Lost in Space: Australia's Kimberley

The Bungle Bungles

Aug 9, 2001
Outside Magazine

Australians have always felt that the Kimberley was capable of hiding just about anyone or anything. And in 1982, we got our proof when a documentary film crew flying south of Kununurra (pronounced languidly, Kah-nah-NAH-ruh) stumbled across a hallucinatory set of geologic formations. Appearing, from a distance, to be hundreds of beehive-shaped domes, these tiger-striped mounds rose from the surrounding desert like savage blisters. They soon became famous as the Bungle Bungles. (Bungle is a mispronunciation of the "bundle bundle" grass common here.) Needless to say, Aboriginal people had known about the place for millennia and called it Purnululu. But as far as the outside world was concerned, this bizarre rock massif was a revelation. The Bungles quickly became the symbol of the Kimberley, ubiquitous on brochures, T-shirts, and postcards.
Go anyway. The Bungles may be inevitable, but they're also unforgettable, one of the most surreal sights in this already otherworldly landscape. To view them at their most memorable, fly. If you merely drive to them, they can appear to be big ruddy hillocks and nothing special. From above, however, they become an immense, nubby wonderland, empty of all visible life except for the occasional shy pretty-faced wallaby.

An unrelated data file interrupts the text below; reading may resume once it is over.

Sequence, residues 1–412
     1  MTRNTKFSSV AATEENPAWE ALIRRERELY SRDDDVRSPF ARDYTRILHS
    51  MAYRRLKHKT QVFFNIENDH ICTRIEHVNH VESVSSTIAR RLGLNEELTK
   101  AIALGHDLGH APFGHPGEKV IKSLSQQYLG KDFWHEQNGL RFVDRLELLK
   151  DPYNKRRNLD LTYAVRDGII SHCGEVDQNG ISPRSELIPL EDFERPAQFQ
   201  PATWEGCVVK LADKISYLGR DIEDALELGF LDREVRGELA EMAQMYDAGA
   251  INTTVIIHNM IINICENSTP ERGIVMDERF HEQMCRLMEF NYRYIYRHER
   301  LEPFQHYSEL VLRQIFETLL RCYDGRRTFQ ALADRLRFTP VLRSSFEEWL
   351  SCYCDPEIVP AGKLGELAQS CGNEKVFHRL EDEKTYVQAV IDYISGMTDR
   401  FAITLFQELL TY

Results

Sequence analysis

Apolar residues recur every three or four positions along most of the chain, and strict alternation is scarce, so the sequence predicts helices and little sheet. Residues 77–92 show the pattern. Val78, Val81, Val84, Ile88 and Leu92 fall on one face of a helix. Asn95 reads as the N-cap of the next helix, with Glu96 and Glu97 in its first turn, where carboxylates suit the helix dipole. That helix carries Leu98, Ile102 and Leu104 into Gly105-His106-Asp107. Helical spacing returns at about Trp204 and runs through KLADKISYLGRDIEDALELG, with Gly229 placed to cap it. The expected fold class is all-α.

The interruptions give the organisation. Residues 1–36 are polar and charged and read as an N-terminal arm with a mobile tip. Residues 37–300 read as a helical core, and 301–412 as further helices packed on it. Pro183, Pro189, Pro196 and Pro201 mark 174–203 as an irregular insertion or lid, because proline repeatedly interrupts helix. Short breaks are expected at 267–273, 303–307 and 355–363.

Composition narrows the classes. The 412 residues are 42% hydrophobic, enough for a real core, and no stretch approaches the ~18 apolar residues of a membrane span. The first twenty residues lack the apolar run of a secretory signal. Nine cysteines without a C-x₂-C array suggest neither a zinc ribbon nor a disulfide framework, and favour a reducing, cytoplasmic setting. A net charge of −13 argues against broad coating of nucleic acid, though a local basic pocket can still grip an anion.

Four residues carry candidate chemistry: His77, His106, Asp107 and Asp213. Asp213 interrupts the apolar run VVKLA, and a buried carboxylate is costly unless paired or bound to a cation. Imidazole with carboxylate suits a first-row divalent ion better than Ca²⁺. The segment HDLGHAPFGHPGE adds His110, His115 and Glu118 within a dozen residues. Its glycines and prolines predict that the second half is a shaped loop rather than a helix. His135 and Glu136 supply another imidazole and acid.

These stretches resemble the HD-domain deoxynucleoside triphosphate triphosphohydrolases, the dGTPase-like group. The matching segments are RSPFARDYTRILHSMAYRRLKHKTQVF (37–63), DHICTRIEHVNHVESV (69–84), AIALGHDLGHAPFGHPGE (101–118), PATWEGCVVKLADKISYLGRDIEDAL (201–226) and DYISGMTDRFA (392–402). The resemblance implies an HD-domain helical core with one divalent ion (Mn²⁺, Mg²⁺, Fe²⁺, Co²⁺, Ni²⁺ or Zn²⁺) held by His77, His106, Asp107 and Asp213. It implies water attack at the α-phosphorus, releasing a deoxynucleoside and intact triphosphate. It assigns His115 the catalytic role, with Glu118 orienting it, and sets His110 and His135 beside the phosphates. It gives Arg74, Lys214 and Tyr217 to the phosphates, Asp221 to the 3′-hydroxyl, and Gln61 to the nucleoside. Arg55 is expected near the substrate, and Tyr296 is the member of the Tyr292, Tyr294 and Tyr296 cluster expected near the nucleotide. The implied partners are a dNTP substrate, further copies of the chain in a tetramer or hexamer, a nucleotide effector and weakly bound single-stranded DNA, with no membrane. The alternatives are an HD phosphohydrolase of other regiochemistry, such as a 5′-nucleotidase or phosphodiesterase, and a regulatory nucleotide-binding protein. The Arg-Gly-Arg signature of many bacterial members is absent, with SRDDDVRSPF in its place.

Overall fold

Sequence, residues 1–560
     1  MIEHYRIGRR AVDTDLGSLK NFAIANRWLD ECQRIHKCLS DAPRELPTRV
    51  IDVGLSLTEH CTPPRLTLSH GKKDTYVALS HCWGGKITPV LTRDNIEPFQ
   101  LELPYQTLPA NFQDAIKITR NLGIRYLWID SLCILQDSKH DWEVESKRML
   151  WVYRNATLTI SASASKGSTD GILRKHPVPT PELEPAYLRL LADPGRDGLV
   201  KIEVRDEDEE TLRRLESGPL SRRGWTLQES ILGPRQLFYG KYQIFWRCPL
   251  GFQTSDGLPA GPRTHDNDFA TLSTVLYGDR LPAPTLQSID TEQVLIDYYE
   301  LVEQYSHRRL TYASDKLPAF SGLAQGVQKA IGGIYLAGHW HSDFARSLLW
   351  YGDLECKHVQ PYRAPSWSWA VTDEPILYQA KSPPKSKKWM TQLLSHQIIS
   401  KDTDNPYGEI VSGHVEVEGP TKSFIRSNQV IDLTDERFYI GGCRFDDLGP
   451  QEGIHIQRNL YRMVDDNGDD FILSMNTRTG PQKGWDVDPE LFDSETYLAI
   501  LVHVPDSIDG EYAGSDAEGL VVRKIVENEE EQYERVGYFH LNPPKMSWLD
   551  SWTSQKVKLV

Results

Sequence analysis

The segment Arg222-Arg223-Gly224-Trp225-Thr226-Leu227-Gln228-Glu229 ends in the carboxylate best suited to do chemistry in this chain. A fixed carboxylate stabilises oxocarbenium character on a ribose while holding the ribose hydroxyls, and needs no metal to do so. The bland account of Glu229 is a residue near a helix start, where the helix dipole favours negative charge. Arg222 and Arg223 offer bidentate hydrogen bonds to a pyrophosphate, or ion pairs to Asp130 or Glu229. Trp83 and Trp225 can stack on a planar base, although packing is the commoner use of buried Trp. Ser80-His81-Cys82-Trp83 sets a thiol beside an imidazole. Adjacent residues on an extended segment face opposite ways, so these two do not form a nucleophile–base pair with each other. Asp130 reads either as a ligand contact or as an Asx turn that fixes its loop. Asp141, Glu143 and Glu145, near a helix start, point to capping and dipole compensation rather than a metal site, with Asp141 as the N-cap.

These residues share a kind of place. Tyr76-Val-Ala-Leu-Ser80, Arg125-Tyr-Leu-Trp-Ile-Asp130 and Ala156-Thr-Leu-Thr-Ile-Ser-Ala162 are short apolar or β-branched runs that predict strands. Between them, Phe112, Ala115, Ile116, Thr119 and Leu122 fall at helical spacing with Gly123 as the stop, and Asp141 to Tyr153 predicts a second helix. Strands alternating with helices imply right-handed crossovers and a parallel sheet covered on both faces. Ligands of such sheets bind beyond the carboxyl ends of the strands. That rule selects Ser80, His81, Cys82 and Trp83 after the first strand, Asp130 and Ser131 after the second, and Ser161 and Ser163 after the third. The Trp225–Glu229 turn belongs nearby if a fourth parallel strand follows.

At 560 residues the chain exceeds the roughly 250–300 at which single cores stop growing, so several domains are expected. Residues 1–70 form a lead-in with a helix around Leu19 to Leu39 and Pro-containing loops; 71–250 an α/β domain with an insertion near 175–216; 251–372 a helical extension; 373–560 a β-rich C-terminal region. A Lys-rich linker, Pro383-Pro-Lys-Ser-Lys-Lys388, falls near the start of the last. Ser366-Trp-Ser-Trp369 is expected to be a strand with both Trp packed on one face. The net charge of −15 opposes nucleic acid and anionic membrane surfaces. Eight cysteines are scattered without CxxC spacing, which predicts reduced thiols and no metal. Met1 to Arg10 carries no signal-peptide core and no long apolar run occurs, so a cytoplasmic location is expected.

Flights from Kununurra to the Bungles are offered by Paul's Creek and Bungle Bungle Tours. The two-day trips include one night at a tent camp ($470; 011-61-8-91-686-217). You can also, during the dry season, make the five-hour drive from Kununurra on the Great Northern Highway. Once you've reached the Bungles, arrange a helicopter flight over the outcropping. Slingair and Heliwork (011-61-8-91-681-811) fly every half hour, weather permitting, for $115 per person.
Then, if the rains aren't relentless or the heat too suffocating, spend several more days hiking in Purnululu National Park, which encompasses the Bungles. You can only walk in designated areas; footsteps on parts of the area's soft, cork-like crust can cause permanent damage. (For more information, call the Purnululu park office at 011-61-8-91-687-300.) Luckily the permissible hikes are spectacular, especially the Echidna Chasm and Cathedral Gorge routes, which penetrate deep into the glowing sandstone. These routes are short, however, only a few miles. Another permitted walk, to Picaninny Gorge, is a more challenging, two-day project. Leave early in the morning; the trail's first four miles are in direct sun. Once you reach the gorge itself, the trail enters a blissfully cool, sand-floored crevice. Six miles farther on lies Byers Base. Throw a blanket on the sand to make camp, then spend the afternoon exploring the narrow slot canyons that shoot off from the main gorge. Later, curl up on your blanket beneath the sheer dark cliffs and watch the stars rise in some of the clearest air on earth.

Filed To: Nature, Australia

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